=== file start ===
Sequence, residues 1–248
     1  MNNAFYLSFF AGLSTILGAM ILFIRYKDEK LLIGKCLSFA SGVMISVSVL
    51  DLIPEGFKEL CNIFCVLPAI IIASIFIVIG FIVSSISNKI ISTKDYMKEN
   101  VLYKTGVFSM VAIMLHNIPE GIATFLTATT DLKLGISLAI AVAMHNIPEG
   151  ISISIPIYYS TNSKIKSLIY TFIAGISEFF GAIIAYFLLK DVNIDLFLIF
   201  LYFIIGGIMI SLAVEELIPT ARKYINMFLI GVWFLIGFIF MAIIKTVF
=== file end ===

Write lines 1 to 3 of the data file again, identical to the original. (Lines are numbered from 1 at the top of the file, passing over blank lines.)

Sequence, residues 1–248
     1  MNNAFYLSFF AGLSTILGAM ILFIRYKDEK LLIGKCLSFA SGVMISVSVL
    51  DLIPEGFKEL CNIFCVLPAI IIASIFIVIG FIVSSISNKI ISTKDYMKEN